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LONDON- An HIV-positive man in Britain has become the second known adult worldwide to be cleared of the AIDS virus after he received a bone marrow transplant from an HIV resistant donor, his doctors said.
Almost three years after receiving bone marrow stem cells from a donor with a rare genetic mutation that resists HIV infection — and more than 18 months after coming off antiretroviral drugs — highly sensitive tests still show no trace of the man's previous HIV infection.
"There is no virus there that we can measure. We can't detect anything," said Ravindra Gupta, a professor and HIV biologist who co-led a team of doctors treating the man.
The case is a proof of the concept that scientists will one day be able to end AIDS, the doctors said, but does not mean a cure for HIV has been found.
Gupta described his patient as "functionally cured" and "in remission", but cautioned: "It's too early to say he's cured."
The man is being called "the London patient", in part because his case is similar to the first known case of a functional cure of HIV - in an American man, Timothy Brown, who became known as the Berlin patient when he underwent similar treatment in Germany in 2007 which also cleared his HIV.
Brown, who had been living in Berlin, has since moved to the United States and, according to HIV experts, is still HIV-free.
Some 37 million people worldwide are currently infected with HIV and the AIDS pandemic has killed around 35 million people worldwide since it began in the 1980s. Scientific research into the complex virus has in recent years led to the development of drug combinations that can keep it at bay in most patients.
Gupta, now at Cambridge University, treated the London patient when he was working at University College London. The man had contracted HIV in 2003, Gupta said, and in 2012 was also diagnosed with a type of blood cancer called Hodgkin's Lymphoma.
In 2016, when he was very sick with cancer, doctors decided to seek a transplant match for him. "This was really his last chance of survival," Gupta told Reuters in an interview.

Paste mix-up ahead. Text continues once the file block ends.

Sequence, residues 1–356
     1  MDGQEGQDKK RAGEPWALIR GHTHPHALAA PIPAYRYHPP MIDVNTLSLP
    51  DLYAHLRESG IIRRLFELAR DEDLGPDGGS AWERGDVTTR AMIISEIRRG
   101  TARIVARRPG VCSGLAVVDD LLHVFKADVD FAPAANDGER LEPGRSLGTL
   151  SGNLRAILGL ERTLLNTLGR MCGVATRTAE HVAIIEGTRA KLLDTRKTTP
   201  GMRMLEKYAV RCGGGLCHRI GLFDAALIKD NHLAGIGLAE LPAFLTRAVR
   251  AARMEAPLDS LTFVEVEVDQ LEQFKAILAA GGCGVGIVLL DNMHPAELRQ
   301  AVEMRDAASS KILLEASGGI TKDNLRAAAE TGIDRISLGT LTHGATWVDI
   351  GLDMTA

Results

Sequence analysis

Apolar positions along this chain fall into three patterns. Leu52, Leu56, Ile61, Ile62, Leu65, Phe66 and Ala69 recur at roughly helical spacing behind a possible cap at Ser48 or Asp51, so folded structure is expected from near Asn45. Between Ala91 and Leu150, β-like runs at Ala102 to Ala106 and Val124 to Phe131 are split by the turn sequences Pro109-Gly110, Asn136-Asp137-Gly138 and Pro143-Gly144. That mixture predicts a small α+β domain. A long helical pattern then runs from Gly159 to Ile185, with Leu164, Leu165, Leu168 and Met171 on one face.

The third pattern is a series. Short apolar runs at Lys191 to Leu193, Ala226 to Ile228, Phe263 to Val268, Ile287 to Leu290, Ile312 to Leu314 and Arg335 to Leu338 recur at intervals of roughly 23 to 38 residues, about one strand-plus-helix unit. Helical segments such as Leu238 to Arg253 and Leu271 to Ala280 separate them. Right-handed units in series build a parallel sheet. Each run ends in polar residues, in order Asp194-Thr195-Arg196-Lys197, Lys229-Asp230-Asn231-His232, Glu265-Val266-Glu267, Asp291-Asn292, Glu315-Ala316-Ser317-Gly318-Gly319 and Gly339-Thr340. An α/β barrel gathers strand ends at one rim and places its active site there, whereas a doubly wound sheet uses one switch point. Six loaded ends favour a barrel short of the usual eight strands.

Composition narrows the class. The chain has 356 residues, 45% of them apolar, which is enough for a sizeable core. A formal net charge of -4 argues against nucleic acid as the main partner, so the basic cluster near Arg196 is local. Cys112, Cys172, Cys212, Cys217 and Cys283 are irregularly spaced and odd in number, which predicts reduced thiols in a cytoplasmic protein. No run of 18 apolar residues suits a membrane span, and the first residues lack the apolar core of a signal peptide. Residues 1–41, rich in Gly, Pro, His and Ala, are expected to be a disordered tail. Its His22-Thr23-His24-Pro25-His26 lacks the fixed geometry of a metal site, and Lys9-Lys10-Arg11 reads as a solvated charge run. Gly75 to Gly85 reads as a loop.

The donor — who was unrelated — had a genetic mutation known as 'CCR5 delta 32', which confers resistance to HIV.
The transplant went relatively smoothly, Gupta said, but there were some side effects, including the patient suffering a period of "graft-versus-host" disease - a condition in which donor immune cells attack the recipient's immune cells.
Most experts say it is inconceivable such treatments could be a way of curing all patients. The procedure is expensive, complex and risky. To do this in others, exact match donors would have to be found in the tiny proportion of people — most of them of northern European descent — who have the CCR5 mutation that makes them resistant to the virus.
Specialists said it is also not yet clear whether the CCR5 resistance is the only key — or whether the graft versus host disease may have been just as important. Both the Berlin and London patients had this complication, which may have played a role in the loss of HIV-infected cells, Gupta said.
In an interview with NBC News, Dr. Anthony Fauci said the finding was not unexpected, given that the similar type of transplant was done before with Brown, but that it is not a "scalable, feasible" way to treat HIV.
"This is something that was done under the very special circumstance of an individual who had Hodgkin’s disease and needed a bone marrow transplant for his underlying cancer-like disease," said Fauci, director of the National Institute for Allergy and Infectious Diseases, part of the National Institutes of Health. "The misperception that’s floating out there now is that bone marrow transplantation is now a cure for HIV infection and that is completely untrue."
In Fauci's view, the priority should be getting patients access to the "extremely efficacious medications that we have."
The treatment called pre-exposure prophylaxis, or PrEP, is more than 99 percent effective in preventing infection if patients take the medication every day.
"In the overwhelming majority of people, you could bring down the virus to below detectable levels that would save the life of the individual, as well as make it impossible for that person to spread the virus to someone else," Fauci said.
While the bone marrow transplant finding is very promising, Dr. Daniel R. Kuritzkes said it's not the kind of therapy that could be used on healthy patients with HIV.
“It’s highly unlikely that stem cell therapy will be the way to go,” said Dr. Daniel R. Kuritzkes, director of AIDS research at Brigham and Women's Hospital in Boston who has treated HIV patients in the U.S. with bone marrow transplants, told NBC News. “There are too many risks. There have been five or six others treated in a similar way who died either from their underlying cancer or from complications of the treatment."
Although the procedure is not a new concept, it does show researchers a way forward, said AIDS expert Jonathan Jacobs, founder of the Center for Special Studies at NewYork-Presbyterian/Weill Cornell Medical Center. “So there is promise here, but the practical reality is that this treatment can be fatal and it’s very expensive."
Gupta said his team plans to use the findings to explore potential new HIV treatment strategies. "We need to understand if we could knock out this (CCR5) receptor in people with HIV, which may be possible with gene therapy," he said.
The London patient, whose case was reported in the journal Nature and presented at a medical conference in Seattle Tuesday, has asked his medical team not to reveal his name, age, nationality or other details.
With additional reporting from NBC News contributor Linda Carroll